Google Nexus One Review
This is a global GSM phone, it can be used with T-Mobile's 1700MHz 3G band, and with AT&T without 3G.
HTC Nexus One Release Date - January 05, 2010
When we first caught wind that Google had something in the works for the mobile space everyone assumed it was a phone, but as we all know the big announcement revealed it was much more, an open-source mobile operating system. The commercial launch of Android was important, but on the nation's fourth largest carrier it was also relatively quiet despite selling well. Last summer a second device- the HTC Magic/My Touch 3G- was added to T-Mobile's lineup with a major marketing push behind it, and Motorola made its Android debut with the CLIQ. In the fall Sprint became the second carrier to support Android with the launch of the HTC Hero followed quickly by the Samsung Moment. Android was gaining momentum, but what really pushed it over the brink was the launch of the heavily-hyped Motorola DROID by the nation's largest carrier, and alongside it the Hero-esque DROID ERIS. But amid the avalanche of new device launches and public awareness there again were whispers that we would see a Google Phone after all.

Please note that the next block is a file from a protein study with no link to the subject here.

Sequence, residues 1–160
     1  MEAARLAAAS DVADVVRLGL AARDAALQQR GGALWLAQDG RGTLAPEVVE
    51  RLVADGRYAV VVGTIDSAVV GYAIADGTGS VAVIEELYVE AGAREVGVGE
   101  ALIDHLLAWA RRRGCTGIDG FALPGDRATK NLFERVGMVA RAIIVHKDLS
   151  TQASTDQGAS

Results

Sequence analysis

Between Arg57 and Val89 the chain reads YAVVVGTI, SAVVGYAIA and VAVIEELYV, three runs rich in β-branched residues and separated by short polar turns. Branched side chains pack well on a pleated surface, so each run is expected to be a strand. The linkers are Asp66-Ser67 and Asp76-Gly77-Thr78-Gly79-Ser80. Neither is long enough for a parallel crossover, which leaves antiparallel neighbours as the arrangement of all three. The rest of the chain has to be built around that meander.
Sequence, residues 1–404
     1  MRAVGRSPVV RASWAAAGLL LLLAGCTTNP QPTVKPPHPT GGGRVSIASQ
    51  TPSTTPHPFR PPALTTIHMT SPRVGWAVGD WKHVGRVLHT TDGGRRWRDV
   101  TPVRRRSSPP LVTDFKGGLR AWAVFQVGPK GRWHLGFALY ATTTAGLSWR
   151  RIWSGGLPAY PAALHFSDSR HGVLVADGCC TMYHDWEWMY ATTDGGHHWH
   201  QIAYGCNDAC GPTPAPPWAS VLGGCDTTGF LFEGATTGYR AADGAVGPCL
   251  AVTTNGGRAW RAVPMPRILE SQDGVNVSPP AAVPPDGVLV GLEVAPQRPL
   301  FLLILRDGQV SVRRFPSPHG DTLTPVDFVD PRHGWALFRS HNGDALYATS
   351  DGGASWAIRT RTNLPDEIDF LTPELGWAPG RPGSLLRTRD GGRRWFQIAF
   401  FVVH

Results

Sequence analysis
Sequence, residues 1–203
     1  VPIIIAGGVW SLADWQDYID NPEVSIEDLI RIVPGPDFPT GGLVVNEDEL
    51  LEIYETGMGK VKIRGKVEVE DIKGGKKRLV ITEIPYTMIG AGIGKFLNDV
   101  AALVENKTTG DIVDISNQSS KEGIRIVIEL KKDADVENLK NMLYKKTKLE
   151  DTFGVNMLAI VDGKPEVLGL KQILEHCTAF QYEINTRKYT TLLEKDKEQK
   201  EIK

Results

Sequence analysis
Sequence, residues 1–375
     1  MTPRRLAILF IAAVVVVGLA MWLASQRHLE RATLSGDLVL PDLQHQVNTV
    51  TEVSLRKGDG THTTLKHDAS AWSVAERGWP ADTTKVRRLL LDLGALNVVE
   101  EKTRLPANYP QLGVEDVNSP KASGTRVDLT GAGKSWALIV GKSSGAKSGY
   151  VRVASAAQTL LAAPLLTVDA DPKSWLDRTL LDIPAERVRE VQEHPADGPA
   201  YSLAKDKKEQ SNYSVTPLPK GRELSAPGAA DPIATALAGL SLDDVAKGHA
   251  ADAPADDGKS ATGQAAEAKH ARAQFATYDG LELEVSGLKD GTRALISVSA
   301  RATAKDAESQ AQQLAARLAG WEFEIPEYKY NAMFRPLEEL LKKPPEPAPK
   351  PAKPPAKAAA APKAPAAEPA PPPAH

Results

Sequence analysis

Say hello to the HTC Nexus One, sold exclusively through Google. This phone shouldn’t be new to you however; we first spied it way back in October as the HTC Passion. The Nexus One is indeed manufactured by HTC, and while the packaging makes no mention of this fact HTC has managed to get its logo directly on the phone. Specs are impressive: a 3.7” AMOLED display, 5 megapixel autofocus camera with flash, 3G and Wi-Fi and- most importantly- a 1GHz Snapdragon processor. Oh, and it’s the first device to run Android 2.1 as well. In the box you’ll find a neoprene carrying pouch, cool-looking stereo headphones, microUSB data cable and AC adapter and an included 4GB microSD card installed.
We’re going to be upfront about this: the instant we unboxed the Nexus One and picked it up the first words out of our mouths were “We want this.” After about five minutes with the device we had changed our minds, and here is why: at least in our normal-sized hands it’s just not comfortable to hold. This is most apparently when navigating the menu in portrait mode, because the device is top heavy and the natural position is to hold onto the bottom half of the phone when using it. While on a call, where one is more prone to extend the index finger along the length of the back the thing feels great, two-handed use in landscape mode is as comfortable as can be and even holding the device upside-down is pleasing. But, the truth is that we use our phones most often with one hand and the Nexus One has a tendency to almost jump out of our hands. We got laughed at for literally dropping it while sitting stationary navigating the interface, but when we handed the phone over the same thing happened and the laughter quickly turned into confusion.